‘Medium’ to ‘lower’ confidence: US spy agencies express doubts over ‘Russian bounties’ allegations, says new report
A fresh intelligence memo casts doubts on the media-pedaled story that US spy agencies were dead sure that Russia supposedly offered to pay Afghan militants to kill Americans, a new report says.
The two-and-a-half-page memo was prepared by the National Intelligence Council (NIC) and is dated July 1, the New York Times reported, citing officials.
The document said that the CIA and the National Counterterrorism Center had “medium confidence” in the reports that Moscow offered bounties for attacking Western troops in Afghanistan. However, the National Security Agency (NSA) and other spy agencies admitted that they could not support that conclusion on the same level, expressing “lower confidence” in the report.
The news seems to back the words of US President Donald Trump’s spokesperson, Kayleigh McEnany, who said that there is “no consensus” within the intelligence community on the strength of the allegations against Russia. The Wall Street Journal previously reported that the NSA did not support the CIA’s confidence in its assessment of these allegations.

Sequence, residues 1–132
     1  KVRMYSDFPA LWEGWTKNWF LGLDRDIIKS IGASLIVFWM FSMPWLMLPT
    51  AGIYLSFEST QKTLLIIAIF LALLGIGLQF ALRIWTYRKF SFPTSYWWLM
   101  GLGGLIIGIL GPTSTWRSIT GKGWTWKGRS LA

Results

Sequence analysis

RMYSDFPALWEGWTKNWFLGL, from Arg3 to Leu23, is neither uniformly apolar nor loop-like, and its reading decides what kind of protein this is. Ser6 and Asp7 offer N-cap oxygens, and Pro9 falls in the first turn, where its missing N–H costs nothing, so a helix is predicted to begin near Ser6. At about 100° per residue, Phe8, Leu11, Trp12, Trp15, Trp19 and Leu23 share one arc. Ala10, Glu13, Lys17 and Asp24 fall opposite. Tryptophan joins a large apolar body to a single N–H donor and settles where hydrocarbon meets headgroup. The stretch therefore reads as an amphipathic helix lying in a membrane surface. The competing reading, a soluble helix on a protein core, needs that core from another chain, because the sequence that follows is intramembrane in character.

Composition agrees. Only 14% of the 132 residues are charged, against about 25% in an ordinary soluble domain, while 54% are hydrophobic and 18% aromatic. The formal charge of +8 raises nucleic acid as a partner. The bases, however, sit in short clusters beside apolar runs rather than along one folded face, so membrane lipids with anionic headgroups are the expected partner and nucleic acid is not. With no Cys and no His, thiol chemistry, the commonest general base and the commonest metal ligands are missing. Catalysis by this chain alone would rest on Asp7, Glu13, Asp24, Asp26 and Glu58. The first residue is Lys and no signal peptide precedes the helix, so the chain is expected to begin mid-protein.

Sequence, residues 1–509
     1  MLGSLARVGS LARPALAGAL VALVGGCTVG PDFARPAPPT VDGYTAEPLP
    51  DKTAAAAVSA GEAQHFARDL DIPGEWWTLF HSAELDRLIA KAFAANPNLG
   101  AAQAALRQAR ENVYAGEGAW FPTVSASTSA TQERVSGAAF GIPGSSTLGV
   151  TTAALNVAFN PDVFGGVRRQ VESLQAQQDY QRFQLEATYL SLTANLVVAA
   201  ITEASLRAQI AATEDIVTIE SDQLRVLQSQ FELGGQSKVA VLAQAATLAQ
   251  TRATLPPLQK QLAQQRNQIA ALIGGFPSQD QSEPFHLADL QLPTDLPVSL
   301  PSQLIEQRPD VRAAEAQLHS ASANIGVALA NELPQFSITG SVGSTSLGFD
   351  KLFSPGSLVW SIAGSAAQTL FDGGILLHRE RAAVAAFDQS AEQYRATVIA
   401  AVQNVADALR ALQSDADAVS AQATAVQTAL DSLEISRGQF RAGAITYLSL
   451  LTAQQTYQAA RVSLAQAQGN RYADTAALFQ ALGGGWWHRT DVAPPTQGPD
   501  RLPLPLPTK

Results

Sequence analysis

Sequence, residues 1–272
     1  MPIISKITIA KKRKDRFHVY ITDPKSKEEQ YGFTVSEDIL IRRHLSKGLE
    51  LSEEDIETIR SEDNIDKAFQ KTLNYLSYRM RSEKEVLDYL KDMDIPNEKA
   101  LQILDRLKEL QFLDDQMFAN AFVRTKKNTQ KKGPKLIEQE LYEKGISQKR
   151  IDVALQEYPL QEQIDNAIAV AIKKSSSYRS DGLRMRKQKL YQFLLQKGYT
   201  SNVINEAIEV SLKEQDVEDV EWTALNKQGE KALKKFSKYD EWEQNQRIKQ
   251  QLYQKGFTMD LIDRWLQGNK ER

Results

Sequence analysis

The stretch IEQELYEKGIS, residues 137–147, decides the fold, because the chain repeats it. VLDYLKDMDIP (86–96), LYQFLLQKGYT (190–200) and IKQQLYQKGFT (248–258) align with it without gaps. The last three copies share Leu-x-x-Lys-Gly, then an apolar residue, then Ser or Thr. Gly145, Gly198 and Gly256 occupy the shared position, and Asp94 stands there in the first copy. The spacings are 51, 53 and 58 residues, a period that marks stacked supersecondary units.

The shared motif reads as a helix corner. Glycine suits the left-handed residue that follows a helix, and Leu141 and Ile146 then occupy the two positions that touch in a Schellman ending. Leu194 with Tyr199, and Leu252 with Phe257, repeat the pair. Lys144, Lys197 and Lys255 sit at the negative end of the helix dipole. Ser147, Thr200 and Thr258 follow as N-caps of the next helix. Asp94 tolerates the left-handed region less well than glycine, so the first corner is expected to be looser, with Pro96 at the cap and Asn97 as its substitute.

Last week, multiple US mainstream media claimed – citing unnamed officials – that Russia had paid Taliban-linked militants to conduct attacks on American and allied personnel in Afghanistan. These reports were said to have been included in the daily briefs prepared for Trump.
The news prompted a wave of criticism from Democrats and some Republicans, who accused Trump of inaction towards Russia. Trump, for his part, denied ever being briefed on the matter, insisting that he was unaware of the reports on the bounties until they were leaked to the press.
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The Taliban denied receiving money from Russia. Moscow vehemently denied offering bounties to kill Western troops as well. In an interview with NBC, Kremlin spokesperson Dmitry Peskov bluntly called these allegations “100-percent bulls**t.”
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